Ed Sheeran Denies ‘Borrowing’ Music in Plagiarism Lawsuit

Ed Sheeran is currently facing copyright allegations, having been accused of plagiarizing music for his hit song ‘Shape Of You’ from other artists.

The ‘Shivers’ singer appeared in London’s High Court on Monday to testify against the claims. 

The original plagiarism claims stemmed from a 2017 legal battle with songwriters Sami Chokri and Ross O’Donoghue, who claimed that the chart-topping ‘Shape Of You’ was inspired by their song ‘Oh Why’.

The pair claimed that Sheeran’s tune ‘Oh I’ hook in ‘Shape Of You’ is “strikingly similar” to ‘Oh Why’. In their official complaint they allege that Sheeran’s song infringes “particular lines and phrases” from their track. 

When questioned by their duo’s lawyer Andrew Sutcliffe in court, Sheeran claimed that he had never heard their song, or even of their band, prior to writing ‘Shape Of You’. 

"I have already built a long and very successful career writing original songs for both myself and a wide range of other leading artists," Sheeran said in his witness statement. "I would not have been able to do that if I was in the habit of plagarising other writers.”

Sutcliffe went on to claim that the 31-year-old singer-songwriter called out the duo’s band name (Switch) at 2011’s Reading Festival, which Sheeran denied.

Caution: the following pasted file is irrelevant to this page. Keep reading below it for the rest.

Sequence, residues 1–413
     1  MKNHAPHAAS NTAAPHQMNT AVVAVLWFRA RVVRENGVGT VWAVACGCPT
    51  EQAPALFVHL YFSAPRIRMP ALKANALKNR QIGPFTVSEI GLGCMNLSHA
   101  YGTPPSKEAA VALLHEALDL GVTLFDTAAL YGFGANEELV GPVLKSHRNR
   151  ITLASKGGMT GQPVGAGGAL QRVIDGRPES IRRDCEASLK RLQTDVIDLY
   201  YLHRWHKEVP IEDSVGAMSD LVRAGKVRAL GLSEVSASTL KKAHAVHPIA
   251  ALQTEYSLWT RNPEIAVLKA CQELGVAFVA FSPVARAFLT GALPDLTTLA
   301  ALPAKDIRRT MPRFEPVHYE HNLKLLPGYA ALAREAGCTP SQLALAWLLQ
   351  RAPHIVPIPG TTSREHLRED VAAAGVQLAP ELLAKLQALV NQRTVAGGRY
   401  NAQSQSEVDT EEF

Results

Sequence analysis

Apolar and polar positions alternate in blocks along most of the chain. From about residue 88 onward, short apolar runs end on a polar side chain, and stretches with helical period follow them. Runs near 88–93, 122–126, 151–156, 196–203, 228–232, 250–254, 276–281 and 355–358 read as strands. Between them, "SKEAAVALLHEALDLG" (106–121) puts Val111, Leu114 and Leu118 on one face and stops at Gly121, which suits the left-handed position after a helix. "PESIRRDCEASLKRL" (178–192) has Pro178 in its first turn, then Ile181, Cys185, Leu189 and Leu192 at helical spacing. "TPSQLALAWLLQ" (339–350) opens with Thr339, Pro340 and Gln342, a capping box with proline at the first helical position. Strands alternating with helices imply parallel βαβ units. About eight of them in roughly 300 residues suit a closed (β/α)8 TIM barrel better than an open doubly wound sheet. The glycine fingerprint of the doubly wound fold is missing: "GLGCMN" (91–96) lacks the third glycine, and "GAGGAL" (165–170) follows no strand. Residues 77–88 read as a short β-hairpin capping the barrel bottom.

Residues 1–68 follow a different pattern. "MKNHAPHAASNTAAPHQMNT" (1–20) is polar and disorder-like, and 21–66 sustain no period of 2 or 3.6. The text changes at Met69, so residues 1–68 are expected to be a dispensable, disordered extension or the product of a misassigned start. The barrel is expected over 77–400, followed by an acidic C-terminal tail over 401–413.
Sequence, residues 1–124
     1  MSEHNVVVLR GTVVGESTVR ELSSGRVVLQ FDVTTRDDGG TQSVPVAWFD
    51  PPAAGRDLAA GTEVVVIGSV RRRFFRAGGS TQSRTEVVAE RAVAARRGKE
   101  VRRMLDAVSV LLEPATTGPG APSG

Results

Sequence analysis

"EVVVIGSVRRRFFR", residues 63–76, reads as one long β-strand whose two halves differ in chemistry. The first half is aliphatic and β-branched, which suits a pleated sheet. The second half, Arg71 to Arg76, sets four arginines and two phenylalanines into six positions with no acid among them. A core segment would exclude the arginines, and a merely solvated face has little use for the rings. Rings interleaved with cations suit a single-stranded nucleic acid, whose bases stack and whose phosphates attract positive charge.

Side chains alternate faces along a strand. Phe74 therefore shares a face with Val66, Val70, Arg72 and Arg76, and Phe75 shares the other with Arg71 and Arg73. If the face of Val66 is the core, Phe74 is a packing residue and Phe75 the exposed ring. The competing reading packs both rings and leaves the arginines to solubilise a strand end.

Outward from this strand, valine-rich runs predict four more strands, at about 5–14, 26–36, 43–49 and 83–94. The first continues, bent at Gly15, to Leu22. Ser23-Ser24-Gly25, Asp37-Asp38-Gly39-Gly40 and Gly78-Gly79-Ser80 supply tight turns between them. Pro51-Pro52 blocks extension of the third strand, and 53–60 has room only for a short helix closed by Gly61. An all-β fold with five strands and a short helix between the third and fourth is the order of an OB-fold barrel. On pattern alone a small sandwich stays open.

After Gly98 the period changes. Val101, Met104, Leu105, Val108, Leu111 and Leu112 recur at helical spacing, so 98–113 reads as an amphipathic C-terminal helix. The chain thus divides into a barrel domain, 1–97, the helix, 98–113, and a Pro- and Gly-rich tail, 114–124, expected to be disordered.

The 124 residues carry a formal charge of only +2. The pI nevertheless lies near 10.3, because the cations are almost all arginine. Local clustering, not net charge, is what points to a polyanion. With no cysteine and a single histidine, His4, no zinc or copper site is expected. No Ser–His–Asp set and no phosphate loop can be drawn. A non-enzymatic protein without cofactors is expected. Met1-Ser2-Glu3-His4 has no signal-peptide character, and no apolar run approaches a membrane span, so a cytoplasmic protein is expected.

The lawyer described Sheeran as “a magpie” as hearing’s recommenced on Friday (March 4), conjecturing that the singer was collecting ideas from other artists. He claims it was “simply not true” that Sheeran came up with his lyrics on his own. 

Sheeran vehemently denied the allegations. 

The trial over ‘Shape Of You’ comes only a few years after Sheeran faced plagiarism allegations regarding his 2015 song ‘Photograph’. In that case Sheeran agreed to settle with his accusers, giving them 35% of the song’s publishing revenues, billed them as co-writers, and paid them a settlement of $5million. At the time the singer said he taken “the advice of my lawyers” and hadn’t taken the pair of songwriters to court because it was a “nuisance”.

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